Still, tissue samples have to be obtained to confirm the tentative diagnosis of ET . With regard to the histological features of ET, these tumors are commonly referred to as "small-blue-round-cell tumors": ET usually consist of uniformly small, round tumor cells with large nuclei and scant clear or eosinophilic cytoplasm that often contains PAS-positive glycogen. In case of soft-tissue ET, tumor cells may occasionally be spindle-shaped. Neither nucleoli nor cytoplasmic membranes are prominent structures. ET cells stain blue on hematoxylin and eosin staining. ET frequently express CD99, which preferentially locates to the membrane, vimentin, neuron-specific enolase and other neural markers .
In order to distinguish Ewing sarcoma from primitive neuroectodermal tumors, light and electron microscopic as well as immunohistochemical features have to be considered. In detail, Ewing sarcoma lack evidence of neuroectodermal differentiation while primitive neuroectodermal tumors show a certain degree of neuroectodermal differentiation .
Genetic studies complement the aforementioned diagnostic tools. Chromosome banding analysis, interphase fluorescence in situ hybridization, real-time polymerase chain reaction and Southern blotting may all be carried out to determine chromosomal and gene aberrations that underlie ET development in an individual case. The detection of transcripts of determined fusion genes in peripheral blood or bone marrow is a good marker of minimal residual disease, and the results of genetic analyses may further gain in importance as molecular targeted therapies become available  .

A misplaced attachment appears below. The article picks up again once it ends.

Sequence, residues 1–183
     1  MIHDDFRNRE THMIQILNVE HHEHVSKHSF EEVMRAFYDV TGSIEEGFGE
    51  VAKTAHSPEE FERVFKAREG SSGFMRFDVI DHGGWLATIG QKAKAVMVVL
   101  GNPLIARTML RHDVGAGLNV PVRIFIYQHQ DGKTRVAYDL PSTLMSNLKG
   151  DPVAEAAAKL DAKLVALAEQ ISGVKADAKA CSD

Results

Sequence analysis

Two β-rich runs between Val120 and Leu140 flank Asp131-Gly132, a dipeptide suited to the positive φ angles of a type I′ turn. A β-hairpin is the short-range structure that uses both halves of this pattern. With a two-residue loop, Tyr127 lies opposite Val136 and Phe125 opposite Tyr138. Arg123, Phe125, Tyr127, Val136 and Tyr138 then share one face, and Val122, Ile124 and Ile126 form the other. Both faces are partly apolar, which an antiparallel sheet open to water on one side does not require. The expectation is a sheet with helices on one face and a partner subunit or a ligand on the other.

Local disease control with surgery and/or radiation, and chemotherapy are the mainstays of treatment. In case of localized disease, surgery and radiation may be performed with a curative intent, but they are usually part of a palliative therapy in patients with metastatic ET. Radiotherapy is preferred over surgical interventions in case of unresectable tumors or tumors located at anatomical sites that are difficult to access or to resect, e.g., skull, facial bones, and spine. Chemotherapy may precede surgery and radiation, and is typically also applied in an adjuvant manner. Commonly applied regimens comprise vincristine, doxorubicin, and cyclophosphamide alternating with ifosfamide and etoposide for localized disease, and vincristine, doxorubicin, and cyclophosphamide for metastatic disease . Other cytostatic agents are currently tested for their efficacy in ET, e.g. busulfan, irinotecan and temozolomide, but they are not the only active compounds on trial: Tyrosine kinase inhibitors cabozantinib and erlotinib, PARP inhibitors olaprib and niraprib as well as TK216, an inhibitor of protein-protein interactions involving the EWS-FLI-1 fusion protein, shall be mentioned exemplarily for molecular targeted drugs whose efficacy in ET is assessed in on-going clinical trials . Additionally, the administration of biophosphonate zoledronic acid has been proposed as a measure to counteract ET-related osteoclast-induced bone resorption .